The Hideout

It was dark, cold, and the rain dripping through the rotten roof was impossible to escape.  Soaked to the skin, the back of her head stinging where the market trader had struck, she sat shivering and sobbing.  She was calmer than an hour before, but still a mess.

The strangers busied themselves around her.  They were equally drenched, the shower having caught them all by surprise, but they were far more suitably attired for the weather.  The man with the mop of curly hair had given up his jacket, and it had helped, but it was not enough to stop her incessant shaking.  She wanted to stop, was willing herself to stop, and there were moments when she seemed to have the worst of it contained, but then the pain in her head would bring back the ordeal and every part of her would start to shake again.

“It’s all in your mind,” a kindly voice said, “try to think yourself warm.”

It was the man with curly hair, smiling down.  The smile made her feel safe.  He was not the one who had wrenched her from the grip of the trader, but he was the one who had led her away from trouble.

“It’s not warm though, is it?  It’s freezing,” she breathed, her voice as shaky as the rest of her.  But the chill was only part of her problem, the vicious blow had taken her by surprise and rocked her to the core.  Incredibly, she had not lost consciousness, but she was groggy and still felt like she might.

“Does it hurt?” he asked.

A stronger version of her might have huffed at the question, but this poor soul could barely manage a whimper in response.  Street life had taken its toll.  Months of living hand to mouth, stealing, begging, scavenging behind this city’s less illustrious eateries, had sapped her.  She was weak, she was hungry, and she was scared.

“Well, I reckon the idiot back there will think twice before attacking someone again,” the curly haired man said.  “It will be a good while before he can stand on that leg.”

The sucking sound of the knife plunging into her assailant’s thigh stayed fresh in her memory.  Even in the busy market, with heavy rain smashing on corrugated roofs, she had heard it, and it had turned her stomach.  Amongst those now milling around, she could see the man who had wielded that weapon.  He had stabbed the trader with such venom, barely flinching as he rammed the blade home.  There was no doubt he had saved the young woman from a worse beating, but she was still stunned by his brutality.  Others in this gang had jeered and laughed as the trader had recoiled, screaming.  As she now surveyed the group, they all bore the hallmarks of criminals.  They were not the desperate, petty kind like herself, these were armed and hardcore.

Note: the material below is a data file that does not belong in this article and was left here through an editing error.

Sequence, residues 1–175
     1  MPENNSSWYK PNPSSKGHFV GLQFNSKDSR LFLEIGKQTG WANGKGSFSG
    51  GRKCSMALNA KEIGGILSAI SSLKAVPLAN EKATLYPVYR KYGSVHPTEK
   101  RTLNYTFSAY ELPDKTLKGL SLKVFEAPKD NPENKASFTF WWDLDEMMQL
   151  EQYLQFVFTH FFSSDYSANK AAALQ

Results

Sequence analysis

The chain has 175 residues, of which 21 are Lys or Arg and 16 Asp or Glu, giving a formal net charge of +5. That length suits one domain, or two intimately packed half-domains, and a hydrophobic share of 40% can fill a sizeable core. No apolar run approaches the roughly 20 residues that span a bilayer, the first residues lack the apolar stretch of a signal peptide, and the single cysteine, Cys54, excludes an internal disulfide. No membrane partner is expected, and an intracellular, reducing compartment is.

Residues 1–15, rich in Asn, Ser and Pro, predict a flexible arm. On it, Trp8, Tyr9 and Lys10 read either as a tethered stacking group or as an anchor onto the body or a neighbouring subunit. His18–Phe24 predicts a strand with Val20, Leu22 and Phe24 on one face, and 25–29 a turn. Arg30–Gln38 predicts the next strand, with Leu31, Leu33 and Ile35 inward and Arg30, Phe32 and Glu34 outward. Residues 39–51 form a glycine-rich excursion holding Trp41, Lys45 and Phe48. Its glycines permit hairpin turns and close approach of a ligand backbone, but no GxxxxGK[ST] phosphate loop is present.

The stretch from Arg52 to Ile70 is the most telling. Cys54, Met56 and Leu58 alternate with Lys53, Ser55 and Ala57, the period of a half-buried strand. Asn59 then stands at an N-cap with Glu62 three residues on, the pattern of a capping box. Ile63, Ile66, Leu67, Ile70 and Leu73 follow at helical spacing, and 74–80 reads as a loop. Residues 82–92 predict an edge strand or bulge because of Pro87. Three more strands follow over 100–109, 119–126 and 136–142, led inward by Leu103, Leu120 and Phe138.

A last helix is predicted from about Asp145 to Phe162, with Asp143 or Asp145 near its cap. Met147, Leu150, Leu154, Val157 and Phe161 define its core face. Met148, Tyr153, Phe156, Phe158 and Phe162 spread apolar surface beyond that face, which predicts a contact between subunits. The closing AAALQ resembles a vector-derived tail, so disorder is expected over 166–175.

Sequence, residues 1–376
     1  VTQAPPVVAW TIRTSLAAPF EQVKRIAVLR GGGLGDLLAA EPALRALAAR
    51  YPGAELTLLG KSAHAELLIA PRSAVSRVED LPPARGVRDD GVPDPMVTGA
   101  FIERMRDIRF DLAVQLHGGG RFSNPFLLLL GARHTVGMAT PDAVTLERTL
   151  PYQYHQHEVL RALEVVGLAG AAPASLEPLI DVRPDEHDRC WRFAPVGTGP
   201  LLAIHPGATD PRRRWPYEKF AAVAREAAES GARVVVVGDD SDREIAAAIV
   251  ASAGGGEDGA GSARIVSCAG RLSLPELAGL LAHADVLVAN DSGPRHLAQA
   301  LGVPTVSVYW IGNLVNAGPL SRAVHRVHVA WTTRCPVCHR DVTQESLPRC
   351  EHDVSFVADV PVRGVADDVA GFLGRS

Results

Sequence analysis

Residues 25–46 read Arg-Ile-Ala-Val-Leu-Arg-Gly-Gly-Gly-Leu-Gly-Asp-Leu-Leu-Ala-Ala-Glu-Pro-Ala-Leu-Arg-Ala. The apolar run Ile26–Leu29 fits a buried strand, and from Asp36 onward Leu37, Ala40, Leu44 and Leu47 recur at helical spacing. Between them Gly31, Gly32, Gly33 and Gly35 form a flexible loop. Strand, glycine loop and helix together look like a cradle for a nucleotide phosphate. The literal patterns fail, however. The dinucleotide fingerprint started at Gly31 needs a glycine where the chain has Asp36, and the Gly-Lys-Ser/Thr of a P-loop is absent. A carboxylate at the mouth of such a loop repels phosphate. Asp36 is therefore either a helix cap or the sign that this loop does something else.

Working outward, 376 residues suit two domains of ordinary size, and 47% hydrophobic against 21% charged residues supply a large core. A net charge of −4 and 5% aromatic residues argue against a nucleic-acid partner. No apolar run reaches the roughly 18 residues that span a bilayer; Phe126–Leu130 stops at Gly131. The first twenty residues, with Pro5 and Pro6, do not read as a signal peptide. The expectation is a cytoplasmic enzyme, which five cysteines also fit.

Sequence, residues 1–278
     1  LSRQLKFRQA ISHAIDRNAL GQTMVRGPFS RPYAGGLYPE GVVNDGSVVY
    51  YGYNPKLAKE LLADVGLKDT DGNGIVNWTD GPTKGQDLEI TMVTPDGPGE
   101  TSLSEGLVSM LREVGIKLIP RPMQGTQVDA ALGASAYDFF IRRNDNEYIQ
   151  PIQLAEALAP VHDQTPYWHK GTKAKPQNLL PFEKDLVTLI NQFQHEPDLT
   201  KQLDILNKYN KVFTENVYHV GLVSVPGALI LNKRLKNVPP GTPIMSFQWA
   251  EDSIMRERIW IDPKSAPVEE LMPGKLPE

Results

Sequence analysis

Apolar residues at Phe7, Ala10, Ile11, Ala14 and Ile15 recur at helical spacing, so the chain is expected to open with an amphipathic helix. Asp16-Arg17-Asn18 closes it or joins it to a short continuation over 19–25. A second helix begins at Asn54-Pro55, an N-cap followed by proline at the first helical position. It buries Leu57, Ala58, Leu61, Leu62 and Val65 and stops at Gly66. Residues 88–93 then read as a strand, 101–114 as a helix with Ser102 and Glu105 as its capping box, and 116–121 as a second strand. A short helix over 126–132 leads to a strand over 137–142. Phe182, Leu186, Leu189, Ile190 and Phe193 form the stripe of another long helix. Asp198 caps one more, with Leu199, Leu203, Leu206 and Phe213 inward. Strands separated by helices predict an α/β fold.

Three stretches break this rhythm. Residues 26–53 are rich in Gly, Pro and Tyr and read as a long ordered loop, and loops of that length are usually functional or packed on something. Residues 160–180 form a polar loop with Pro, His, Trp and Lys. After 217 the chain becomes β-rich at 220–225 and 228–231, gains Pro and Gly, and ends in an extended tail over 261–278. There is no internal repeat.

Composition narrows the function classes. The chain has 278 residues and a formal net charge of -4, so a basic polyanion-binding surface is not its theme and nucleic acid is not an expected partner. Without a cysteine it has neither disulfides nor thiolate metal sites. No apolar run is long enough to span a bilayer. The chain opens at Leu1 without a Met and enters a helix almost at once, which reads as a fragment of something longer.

“When did you last eat?” the man who had given her the jacket asked.  It was her desperate attempts to steal a meal that had resulted in the whack around the head and had cost the trader the nasty wound.  In the chaotic moments since, she had forgotten just how hungry she was.

“Yesterday,” she said.  It was a lie; she had not eaten in two days.

“I’ll get you something shortly,” he said.  This stranger’s manner reminded her of her father, the last man who had shown her any kindness.  It was such a long time since she had seen him.

A ‘thank-you’ teetered on her lips, but the words would not come out.  They were struggling to break through the shivers.  Perhaps if there had been more conviction to her gratitude, she would have found a way to speak, but as it was, she was too wrapped up in fear.  What kind of maniac could stab a man without flinching?  What kind of people were these?  Thugs came in many shapes and sizes; this group was no better than the ones who had taken her parents.

This one seemed different to the others though.  Back in the market, whilst his friends had postured and jeered, he had shown no such elation, coolly offering her a reassuring arm up.  Calm throughout, his eyes had been everywhere, politely dipping and nodding to onlookers as he hurried the young woman away.  And whilst his associates paraded their weaponry as intimidating badges of power, if he was armed, it was hidden.

“What’s your name?” he enquired.

For six months she had been on the streets, living off her wits and guile.  Now, when asked her name, she had to dig back through all those days, through all the thieving, the running, the hiding.  There was another place back there, a place with love and happiness.  It was a place of safety and family too.  Back there she had a name, one she had not used since.

Her blank expression prompted him to ask again.

“Your name?  I presume you have one?”

“Kayla,” she said, “Kayla McGann.”

The curly haired stranger beamed.  This was not her happy place and he was not her father, but the smile made things seem a little better.

“Well, Kayla,” he said, patting her knee.  “There are far too many street-urchins in this town, far too many the Union have turned their backs on, but you are a lucky one.  The boss has decided we will look after you.  I’ll find you some food and dry clothes.”

With that, he stood. Before going to retrieve the promised items, he paused, casting down one more reassuring smile. “Oh, and it’s only right I share my name too,” he said, “I am Jed Luca, and I am going to make sure you are safe.”


The passage above is the opening to Episode 4: Broken Bottle. It features the first meeting between two of the main characters in the Hadrian’s Gate series. Hopefully, it has wet your appetite without providing too many spoilers! If you enjoyed, why not give the books a go? Download Episode 1: The Cairo Accord, NOW!


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